All was well until 2:55 p.m. on Tuesday. As she went to punch the clock to end her nursing shift, the world spun. Her left side went numb.
"OK, now I've had the stroke," she thought.
Just then, Tarnue Jackson Jallah walked up to punch in for his shift. He could see Michelle wasn't right. He drove her to the hospital, where doctors confirmed she was suffering a stroke caused by a blood clot.
Without intervention, the clot resolved itself, she said.
The next day, while still in the hospital, two words came to her: It's time.
"I knew it was God telling me get back to school," she said.
When she went to enroll, advisers said credits for five classes she'd taken toward her registered nurse degree had expired. She'd have to start over.
Flossie's great-granddaughter wasn't going down that easy. She filed five appeals. And won them all.
"That was God letting me know, 'I've got your back,'" Michelle said.
She became an RN in 2007, earned her bachelor's degree in nursing in 2012 and earned a master's in nursing in 2015. She's also received certificates as a Public Health Nurse and a Faith Community Nurse, and also a theological certificate.
Now she's three classes and a capstone project from earning a doctorate of Nursing Practice.
But Michelle is no full-time student. She fits it in around her job as clinical care supervisor and clinical nurse educator at Hennepin Healthcare, and her work as an evangelist and youth president at her local church, House of Praise Church of God in Christ, and in the Church of God in Christ. She is also the Minnesota Jurisdiction Church of God in Christ Nurses Unit President.
I'm happy to say she's been a spokeswoman for my organization, the American Heart Association, in the Twin Cities. She's appeared in videos and billboards for stroke awareness, and served as the featured speaker at an event in September.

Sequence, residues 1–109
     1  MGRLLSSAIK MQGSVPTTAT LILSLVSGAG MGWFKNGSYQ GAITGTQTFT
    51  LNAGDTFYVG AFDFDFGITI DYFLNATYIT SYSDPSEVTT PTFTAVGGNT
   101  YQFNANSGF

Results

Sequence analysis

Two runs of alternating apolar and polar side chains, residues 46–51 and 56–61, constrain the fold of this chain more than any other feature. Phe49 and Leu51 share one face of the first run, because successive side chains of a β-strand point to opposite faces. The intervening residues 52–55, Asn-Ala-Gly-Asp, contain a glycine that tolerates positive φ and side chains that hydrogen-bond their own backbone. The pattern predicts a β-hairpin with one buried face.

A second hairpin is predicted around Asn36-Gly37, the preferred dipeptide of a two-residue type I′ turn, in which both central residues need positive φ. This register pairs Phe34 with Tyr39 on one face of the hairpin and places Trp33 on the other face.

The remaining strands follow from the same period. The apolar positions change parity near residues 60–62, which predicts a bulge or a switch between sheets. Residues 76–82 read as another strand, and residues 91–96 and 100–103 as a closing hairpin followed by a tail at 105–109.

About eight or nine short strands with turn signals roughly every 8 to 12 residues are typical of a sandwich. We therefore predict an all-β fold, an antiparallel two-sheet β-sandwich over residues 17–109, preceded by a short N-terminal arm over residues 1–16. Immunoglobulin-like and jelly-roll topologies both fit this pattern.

Still, those metaphoric waves continue to thrash.
She remarried years ago, and her husband is now disabled; he works minimal hours, is unable to drive and cooks only small meals. Also, her oldest daughter fell prey to cocaine, and Michelle recently won a long, expensive legal battle to adopt four of her grandchildren, ages 6 to 11.
"My great-grandmother didn't turn her back on me and I won't turn my back on these four," she said. "I want to show them the values she taught me."
So far, so good.
A few weeks ago, her 11-year-old granddaughter turned in an essay that closed with this line: "My message to everyone who wants to achieve something no matter what it is, believe in yourself and know you can do anything in the hands of God."
Michelle's medical bills threw her into bankruptcy in 2005 and loans have paid for her education. Her church and work communities chipped in to help her with all the supplies needed to successfully adopt her four grandchildren, which included everything that comes with adding four kids, such as a bigger home, more furniture and a larger vehicle.
"The love that everyone is showing me, it's a circle of life – I am a mirror of Flossie Washington," she said proudly. Then she paused and, through tears, added, "My ultimate goal when I was a child was to be a doctor. My ex-husband stole that dream from me. But I'm almost there. I'm not turning back."
She's writing a book about it all. The working title: "Through The Storm, I Survived."
A version of this column also appeared on Thrive Global.